Money and Main Street

America goes on furlough

Summer is prime time for 'temporary layoffs,' and they're happening in some unexpected places

By Beth Kowitt, reporter

NEW YORK (Fortune) -- Welcome to the summer of the furlough. Manufacturing workers have long suffered from these "temporary layoffs," but the white-collar world is feeling them now, too: During this recession, everyone from universities to technology companies are using furloughs as a way to cut payroll without further trimming their staffs.

And while furloughs are already underway around the nation, human resources specialists say that required unpaid days off are only going to heat up as we head into the summer months, when employees are more amenable to time off -- albeit unpaid.

"Companies have done the huge surgery in terms of offering reductions in forced and involuntary ways," says Fred Crandall with consulting firm Watson Wyatt. Now they're using furloughs as microsurgery, and trying to be as minimally invasive as they can.

The businesses implementing these mandatory unpaid days of leave are as varied and widespread as the types of furloughs they're undertaking. At the New York Jets, employees on the business side must take off two weeks out of a fixed four-week period during the summer. The furloughs affect about 62 people and will reduce the department's payroll by about 4%.

In California, facing a budget crisis, Governor Arnold Schwarzenegger first implemented a furlough in February requiring state employees to take off the first and third Fridays of every month. It was later changed so they could select any two unpaid days off a month.

At power management company Eaton, employees in the United States, Canada, and Puerto Rico must take a week of unpaid leave in each quarter of this year - a move that came on top of a recent elimination of 8,600 positions.

Furloughs are also not without creativity: The University of Maryland is taking a scaled approach where employees with the largest salaries take off the most days. (The university's president is taking five days off.)

Harriet Cooperman, chair of the labor, employment and employee benefits group at the law firm Saul Ewing, says she's heard of companies implementing a furlough while simultaneously giving a pay raise. The effect is psychological, she says - employees get the pay raises they're due, but the company doesn't incur additional costs.

A weeklong furlough can save companies about 2% of payroll, says Paul Schafer with Hewitt. A recent Hewitt survey of human resources executives at 518 U.S. companies found that, as of the start of April, 44% had either already undertaken or were considering implementing shortened workweeks or involuntary furloughs at their organizations.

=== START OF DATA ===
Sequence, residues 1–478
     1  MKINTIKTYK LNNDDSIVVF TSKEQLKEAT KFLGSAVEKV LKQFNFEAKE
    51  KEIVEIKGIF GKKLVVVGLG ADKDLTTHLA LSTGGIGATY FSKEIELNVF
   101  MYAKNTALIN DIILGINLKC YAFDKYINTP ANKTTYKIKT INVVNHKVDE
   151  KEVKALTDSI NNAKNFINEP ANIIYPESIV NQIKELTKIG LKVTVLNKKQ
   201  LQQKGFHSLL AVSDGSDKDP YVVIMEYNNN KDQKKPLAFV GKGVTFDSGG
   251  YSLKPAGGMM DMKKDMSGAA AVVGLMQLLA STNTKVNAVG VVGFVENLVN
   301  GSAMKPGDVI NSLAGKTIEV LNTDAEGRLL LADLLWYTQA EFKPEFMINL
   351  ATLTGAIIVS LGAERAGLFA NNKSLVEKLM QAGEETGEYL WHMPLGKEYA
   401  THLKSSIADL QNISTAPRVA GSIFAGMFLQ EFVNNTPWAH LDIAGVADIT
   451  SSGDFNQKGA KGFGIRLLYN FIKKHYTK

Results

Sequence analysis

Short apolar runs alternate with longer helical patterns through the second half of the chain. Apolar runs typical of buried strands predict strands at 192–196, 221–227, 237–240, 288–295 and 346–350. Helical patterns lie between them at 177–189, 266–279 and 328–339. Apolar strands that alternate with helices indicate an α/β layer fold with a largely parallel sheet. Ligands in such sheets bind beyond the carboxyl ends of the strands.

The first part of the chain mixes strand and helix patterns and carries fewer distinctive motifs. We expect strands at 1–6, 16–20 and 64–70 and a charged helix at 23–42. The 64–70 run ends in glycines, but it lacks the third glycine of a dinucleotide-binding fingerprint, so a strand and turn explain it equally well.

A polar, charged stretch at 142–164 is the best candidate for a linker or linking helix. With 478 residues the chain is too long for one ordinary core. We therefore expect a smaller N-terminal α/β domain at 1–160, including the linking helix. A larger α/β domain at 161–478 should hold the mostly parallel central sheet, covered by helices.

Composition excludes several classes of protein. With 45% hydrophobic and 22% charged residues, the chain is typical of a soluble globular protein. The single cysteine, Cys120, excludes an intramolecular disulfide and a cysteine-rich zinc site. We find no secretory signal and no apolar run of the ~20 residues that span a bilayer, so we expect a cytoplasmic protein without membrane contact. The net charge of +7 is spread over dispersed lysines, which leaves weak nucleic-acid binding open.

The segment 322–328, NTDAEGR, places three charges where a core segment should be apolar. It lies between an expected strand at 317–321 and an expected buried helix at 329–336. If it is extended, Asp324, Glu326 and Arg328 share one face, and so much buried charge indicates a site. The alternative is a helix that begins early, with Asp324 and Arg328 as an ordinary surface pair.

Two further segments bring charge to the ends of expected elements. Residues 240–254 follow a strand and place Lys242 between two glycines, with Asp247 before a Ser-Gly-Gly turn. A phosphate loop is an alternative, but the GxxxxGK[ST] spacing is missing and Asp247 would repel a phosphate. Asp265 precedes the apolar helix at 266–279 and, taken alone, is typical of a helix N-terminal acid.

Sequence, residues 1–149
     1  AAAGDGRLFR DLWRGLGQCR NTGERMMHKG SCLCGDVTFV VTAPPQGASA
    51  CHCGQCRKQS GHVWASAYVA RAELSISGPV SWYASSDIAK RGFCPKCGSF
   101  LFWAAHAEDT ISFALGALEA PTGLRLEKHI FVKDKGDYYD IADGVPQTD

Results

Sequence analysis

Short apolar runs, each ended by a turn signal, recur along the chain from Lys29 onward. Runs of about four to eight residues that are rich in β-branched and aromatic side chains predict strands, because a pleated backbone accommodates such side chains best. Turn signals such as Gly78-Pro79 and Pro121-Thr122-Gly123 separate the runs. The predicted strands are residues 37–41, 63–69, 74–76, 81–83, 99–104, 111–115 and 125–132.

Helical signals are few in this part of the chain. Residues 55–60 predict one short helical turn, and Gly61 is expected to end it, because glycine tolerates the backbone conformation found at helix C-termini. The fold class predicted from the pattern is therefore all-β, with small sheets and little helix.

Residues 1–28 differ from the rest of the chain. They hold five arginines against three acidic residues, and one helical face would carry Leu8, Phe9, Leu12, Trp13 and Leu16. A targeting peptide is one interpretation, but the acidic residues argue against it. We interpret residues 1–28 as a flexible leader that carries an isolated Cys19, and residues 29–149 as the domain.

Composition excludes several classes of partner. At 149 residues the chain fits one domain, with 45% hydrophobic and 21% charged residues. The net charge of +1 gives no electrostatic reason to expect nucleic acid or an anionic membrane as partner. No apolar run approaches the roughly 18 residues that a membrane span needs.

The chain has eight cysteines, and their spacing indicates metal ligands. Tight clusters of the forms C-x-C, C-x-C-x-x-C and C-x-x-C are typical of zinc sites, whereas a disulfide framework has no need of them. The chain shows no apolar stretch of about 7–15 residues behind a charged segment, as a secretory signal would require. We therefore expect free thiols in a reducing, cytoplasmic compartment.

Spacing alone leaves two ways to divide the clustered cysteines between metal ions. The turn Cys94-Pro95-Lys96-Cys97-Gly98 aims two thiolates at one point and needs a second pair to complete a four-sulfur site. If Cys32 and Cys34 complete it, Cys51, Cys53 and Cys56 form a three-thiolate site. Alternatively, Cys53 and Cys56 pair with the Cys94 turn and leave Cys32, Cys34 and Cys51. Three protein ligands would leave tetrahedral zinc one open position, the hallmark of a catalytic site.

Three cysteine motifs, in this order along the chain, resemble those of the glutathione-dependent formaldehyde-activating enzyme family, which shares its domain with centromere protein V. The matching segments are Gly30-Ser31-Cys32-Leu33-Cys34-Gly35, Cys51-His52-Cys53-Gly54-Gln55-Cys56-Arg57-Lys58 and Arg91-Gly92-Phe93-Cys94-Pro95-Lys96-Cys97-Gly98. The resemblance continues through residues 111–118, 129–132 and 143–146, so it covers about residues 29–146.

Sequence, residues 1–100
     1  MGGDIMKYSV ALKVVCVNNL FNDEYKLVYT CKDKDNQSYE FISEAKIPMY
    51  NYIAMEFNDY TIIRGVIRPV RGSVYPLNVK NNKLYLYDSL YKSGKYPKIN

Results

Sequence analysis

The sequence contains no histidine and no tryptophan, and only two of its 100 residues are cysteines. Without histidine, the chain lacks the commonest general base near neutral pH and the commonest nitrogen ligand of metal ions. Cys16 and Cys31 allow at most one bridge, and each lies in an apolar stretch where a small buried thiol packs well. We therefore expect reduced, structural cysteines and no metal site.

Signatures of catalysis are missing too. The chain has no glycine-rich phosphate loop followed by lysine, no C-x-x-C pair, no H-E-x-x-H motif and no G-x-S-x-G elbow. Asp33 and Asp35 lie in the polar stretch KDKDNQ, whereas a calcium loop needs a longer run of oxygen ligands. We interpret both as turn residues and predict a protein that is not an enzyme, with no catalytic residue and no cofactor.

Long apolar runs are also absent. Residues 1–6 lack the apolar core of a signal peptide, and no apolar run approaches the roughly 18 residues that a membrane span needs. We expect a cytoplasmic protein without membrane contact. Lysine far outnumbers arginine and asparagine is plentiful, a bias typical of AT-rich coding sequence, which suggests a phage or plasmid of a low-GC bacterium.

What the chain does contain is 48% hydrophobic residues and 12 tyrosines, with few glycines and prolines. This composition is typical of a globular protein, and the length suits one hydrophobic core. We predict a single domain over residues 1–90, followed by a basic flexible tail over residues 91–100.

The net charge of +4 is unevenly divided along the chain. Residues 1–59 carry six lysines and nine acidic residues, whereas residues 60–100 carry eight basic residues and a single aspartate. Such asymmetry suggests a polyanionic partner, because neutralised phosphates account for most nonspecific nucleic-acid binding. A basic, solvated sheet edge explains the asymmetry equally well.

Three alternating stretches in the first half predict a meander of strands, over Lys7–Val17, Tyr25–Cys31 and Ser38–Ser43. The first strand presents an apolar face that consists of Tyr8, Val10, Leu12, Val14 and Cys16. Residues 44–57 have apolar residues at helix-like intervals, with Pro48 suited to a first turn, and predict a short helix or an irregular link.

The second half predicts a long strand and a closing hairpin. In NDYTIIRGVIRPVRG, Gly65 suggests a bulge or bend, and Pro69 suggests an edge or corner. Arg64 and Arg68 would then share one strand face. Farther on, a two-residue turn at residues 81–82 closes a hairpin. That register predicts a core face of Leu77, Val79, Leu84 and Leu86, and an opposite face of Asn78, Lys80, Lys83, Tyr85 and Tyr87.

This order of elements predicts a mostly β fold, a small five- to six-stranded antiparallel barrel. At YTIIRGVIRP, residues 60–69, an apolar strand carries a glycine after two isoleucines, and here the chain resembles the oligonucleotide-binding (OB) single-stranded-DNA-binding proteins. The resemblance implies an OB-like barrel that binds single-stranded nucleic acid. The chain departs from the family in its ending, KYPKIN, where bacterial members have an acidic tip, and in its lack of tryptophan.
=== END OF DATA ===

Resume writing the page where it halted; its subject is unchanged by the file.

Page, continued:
Furloughs are becoming increasingly popular, in large part because companies can implement them quickly and avoid cutting talent they would later need to rehire. In the past, companies would simply conduct layoffs and move on. But with many businesses already operating with lean staffs, further reductions would only impede workflow.

"During the last big wave of layoffs in the '90s, there was what I'll call a lot of fat," says Cooperman. Companies were overstaffed, but now she says "we're lean and mean, but we still have to do something to cut costs."

The shift toward furloughs also reflects the tone of this recession. For employers, cutting costs through unpaid mandatory vacations is a way to manage the uncertainty of how long this recession will last. Furloughs can help them hedge their bets against the big question mark of what's coming next.

"No one knows where the bottom is," says Crandall with Watson Wyatt, "so companies have taken successive bites out of the apple."

Employees are feeling the uncertainty as well. In previous downturns, workers had the sense that layoffs were a passing condition, says Bob Bruno, a professor at the University of Illinois specializing in labor and employment relations.

"Now there's an increased fear from workers that the job might entirely go away," he says. "They feel like they have less power, and they're willing to accept a furlough."

And though reduced pay this summer might mean no expensive vacation, some businesses have used furloughs as a marketing opportunity: The Rubicon Brewing Company in Sacramento was offering a 10% discount to state workers and their parties during "Furlough Fridays." And CoCo Key Water Resort is offering a special discounted package for furloughed workers and their families at two of its Ohio locations.

Even some workers who have been furloughed are trying their best to make the most of it. After media company Gannett implemented its second one-week furlough this year, employees started Twittering about possibilities for their newfound downtime. The result was furloughhouseswap.com, a site where furloughed workers can exchange homes to save on hotel costs.

"We want to travel, we want to take vacation, but we're not making any money," said Jodi Gersh, Gannett's content manager for social media and one of the brains behind the idea.

The ultimate goal, the site says: "Find a free place to stay on your furcation."

Are you going on furlough this summer? Tell us your plans for how you'll spend the time and send us your picture for a Fortune.com feature. Send to bkowitt@fortune.com  To top of page

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